LPP010-18              445-447 Forest Road Penshurst

[Appendix 5]           IHAP Report - 22 Sep 2016 - 445-447 Forest Rd Penshurst

 

 

Page 131

 


 


 


 


 


 


 


 


 


 


 


 


 


 


 


 


 


 


 


 


 


 


 


 


 


 


 


 


 


 


Georges River Council - Georges River Local Planning Panel (LPP) - Thursday, 26 April 2018

LPP010-18              445-447 Forest Road Penshurst

[Appendix 6]           17076-02FA - Letter of Advice from McLaren - April 2018 - 445-447 Forest Rd Penshurst

 

 

Page 161

 


 


 


 


 


Georges River Council - Georges River Local Planning Panel (LPP) - Thursday, 26 April 2018

LPP010-18              445-447 Forest Road Penshurst

[Appendix 7]           17076-01FB - Letter of Advice from McLaren - April 2018 - 445-447 Forest Rd Penshurst

 

 

Page 166

 


 


 


 


 


 


Georges River Council – Local Planning Panel   Thursday, 26 April 2018

Page 172

 

REPORT TO GEORGES RIVER COUNCIL

LPP MEETING OF Thursday, 26 April 2018

 

LPP Report No

LPP011-18

Development Application No

DA2017/0419

Site Address & Ward Locality

37 Gungah Bay Road Oatley

Mortdale Ward

Proposed Development

Demolition of existing structures and construction of a two storey dwelling with an attached single storey secondary dwelling

Owners

Bin Zhou and Fang Wang

Applicant

Jessica Wang

Planner/Architect

 Architect - Green Tree Designs

Date Of Lodgement

20/09/2017

Submissions

Nil

Cost of Works

$474,650.00

Local Planning Panel Criteria

Probity as the owner is a member of staff at Georges River Council

List of all relevant s.4.15 matters (formerly s79C(1)(a))

Greater Metropolitan Regional Environmental Plan No 2 - Georges River Catchment, State Environmental Planning Policy (Affordable Rental Housing) 2009,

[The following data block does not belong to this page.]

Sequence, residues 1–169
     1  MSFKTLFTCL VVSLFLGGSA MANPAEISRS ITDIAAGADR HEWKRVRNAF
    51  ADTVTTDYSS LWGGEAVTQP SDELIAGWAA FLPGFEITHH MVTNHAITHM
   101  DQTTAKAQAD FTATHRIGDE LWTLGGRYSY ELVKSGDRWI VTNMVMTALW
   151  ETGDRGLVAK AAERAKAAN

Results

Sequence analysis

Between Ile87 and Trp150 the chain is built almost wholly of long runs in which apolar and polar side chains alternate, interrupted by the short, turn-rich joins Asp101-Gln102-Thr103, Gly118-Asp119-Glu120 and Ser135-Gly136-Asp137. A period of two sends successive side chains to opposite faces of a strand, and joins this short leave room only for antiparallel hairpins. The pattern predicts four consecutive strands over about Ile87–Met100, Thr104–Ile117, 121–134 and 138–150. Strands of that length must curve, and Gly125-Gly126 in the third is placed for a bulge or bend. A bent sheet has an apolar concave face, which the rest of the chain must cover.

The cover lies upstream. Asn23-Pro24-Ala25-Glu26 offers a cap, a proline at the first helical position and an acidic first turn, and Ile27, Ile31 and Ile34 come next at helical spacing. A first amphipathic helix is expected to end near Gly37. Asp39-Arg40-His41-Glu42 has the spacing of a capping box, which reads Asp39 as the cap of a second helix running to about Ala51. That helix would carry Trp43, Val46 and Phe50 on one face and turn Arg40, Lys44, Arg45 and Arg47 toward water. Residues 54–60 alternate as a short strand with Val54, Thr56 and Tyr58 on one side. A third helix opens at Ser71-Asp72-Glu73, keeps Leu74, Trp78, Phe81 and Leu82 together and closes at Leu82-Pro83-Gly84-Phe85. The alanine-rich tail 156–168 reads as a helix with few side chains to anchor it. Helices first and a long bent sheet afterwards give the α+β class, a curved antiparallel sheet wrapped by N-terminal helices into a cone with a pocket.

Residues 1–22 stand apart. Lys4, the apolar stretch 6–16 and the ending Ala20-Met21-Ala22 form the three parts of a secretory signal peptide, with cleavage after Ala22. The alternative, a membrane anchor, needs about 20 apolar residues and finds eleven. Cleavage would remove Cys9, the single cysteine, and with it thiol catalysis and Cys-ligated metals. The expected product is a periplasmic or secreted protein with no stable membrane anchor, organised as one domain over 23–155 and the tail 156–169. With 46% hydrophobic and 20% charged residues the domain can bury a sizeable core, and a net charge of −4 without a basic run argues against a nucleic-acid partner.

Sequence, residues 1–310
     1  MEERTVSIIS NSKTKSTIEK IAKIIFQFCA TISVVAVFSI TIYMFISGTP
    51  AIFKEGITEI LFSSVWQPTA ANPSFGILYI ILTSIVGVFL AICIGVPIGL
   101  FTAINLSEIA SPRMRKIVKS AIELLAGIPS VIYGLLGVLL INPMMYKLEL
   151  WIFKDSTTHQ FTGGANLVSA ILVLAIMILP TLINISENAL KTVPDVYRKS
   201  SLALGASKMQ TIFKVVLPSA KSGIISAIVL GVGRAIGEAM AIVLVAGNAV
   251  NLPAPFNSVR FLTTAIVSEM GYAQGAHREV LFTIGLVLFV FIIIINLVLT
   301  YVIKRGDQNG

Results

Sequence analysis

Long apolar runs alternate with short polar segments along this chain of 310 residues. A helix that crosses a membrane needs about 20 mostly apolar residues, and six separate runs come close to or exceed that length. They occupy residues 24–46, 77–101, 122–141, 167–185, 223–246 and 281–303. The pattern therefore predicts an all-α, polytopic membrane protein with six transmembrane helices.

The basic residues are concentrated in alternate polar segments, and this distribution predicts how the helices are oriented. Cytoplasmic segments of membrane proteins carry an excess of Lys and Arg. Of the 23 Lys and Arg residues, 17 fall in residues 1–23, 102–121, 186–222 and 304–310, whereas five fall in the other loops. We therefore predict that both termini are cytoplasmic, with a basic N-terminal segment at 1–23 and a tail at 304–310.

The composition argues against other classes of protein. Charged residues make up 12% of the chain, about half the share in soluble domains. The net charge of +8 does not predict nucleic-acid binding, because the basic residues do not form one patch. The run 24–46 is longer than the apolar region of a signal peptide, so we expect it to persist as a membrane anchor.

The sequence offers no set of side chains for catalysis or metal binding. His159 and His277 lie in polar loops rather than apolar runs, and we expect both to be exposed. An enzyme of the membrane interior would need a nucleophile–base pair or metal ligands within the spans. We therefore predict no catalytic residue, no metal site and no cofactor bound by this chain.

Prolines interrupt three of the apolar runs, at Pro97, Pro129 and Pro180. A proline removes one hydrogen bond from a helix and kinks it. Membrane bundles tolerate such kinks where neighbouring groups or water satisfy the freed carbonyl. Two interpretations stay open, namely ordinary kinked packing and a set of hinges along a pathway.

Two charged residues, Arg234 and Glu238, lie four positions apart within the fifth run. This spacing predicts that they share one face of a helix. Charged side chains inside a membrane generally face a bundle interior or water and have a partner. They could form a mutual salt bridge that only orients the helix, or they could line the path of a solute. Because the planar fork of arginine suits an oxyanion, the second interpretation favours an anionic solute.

State Environmental Planning Policy No 55 - Remediation of Land, State Environmental Planning Policy (Building Sustainability Index: BASIX) 2004, State Environmental Planning Policy (Vegetation in Non-Rural Areas) 2017,

Draft State Environmental Planning Policy (Environment), Hurstville Local Environmental Plan 2012, Hurstville Development Control Plan No 1 - LGA Wide

List all documents submitted with this report for the Panel’s consideration

Site Plan, Survey Plan, Architectural Drawings, Landscape Plan,

Statement of Environmental Effects, Shadow Diagrams,

Waste Management Plan, Schedule of Colours and Finishes,

Concept Drainage and Hydraulic Plan, BASIX Certificate

Report prepared by

Independent Assessment

 

 

Recommendation

THAT the application be approved in accordance with the conditions included in the report.

 

Summary of matters for consideration under Section 4.15

Have all recommendations in relation to relevant s4.15 matters been summarised in the Executive Summary of the assessment report?

 

Yes 

Legislative clauses requiring consent authority satisfaction

Have relevant clauses in all applicable environmental planning instruments where the consent authority must be satisfied about a particular matter been listed, and relevant recommendations summarised, in the Executive Summary of the assessment report?

 

Yes

Clause 4.6 Exceptions to development standards

If a written request for a contravention to a development standard (clause 4.6 of the LEP) has been received, has it been attached to the assessment report?

 

Not Applicable

Special Infrastructure Contributions

Does the DA require Special Infrastructure Contributions conditions (under s7.24)?

 

Not Applicable

Conditions

Have draft conditions been provided to the applicant for comment?

 

No, standard conditions have been attached (with fencing deleted from proposal due to insufficient detail and a condition that ensure the existing right-of-carriageway remains unimpeded)

 

Site Plan

 

EXECUTIVE SUMMARY

 

Proposal

1.         The application proposes demolition of all existing structures and construction of a new two (2) storey dwelling house containing four (4) bedrooms, with an attached single storey secondary dwelling containing two (2) bedrooms. The proposal also includes an attached double garage for the principal dwelling.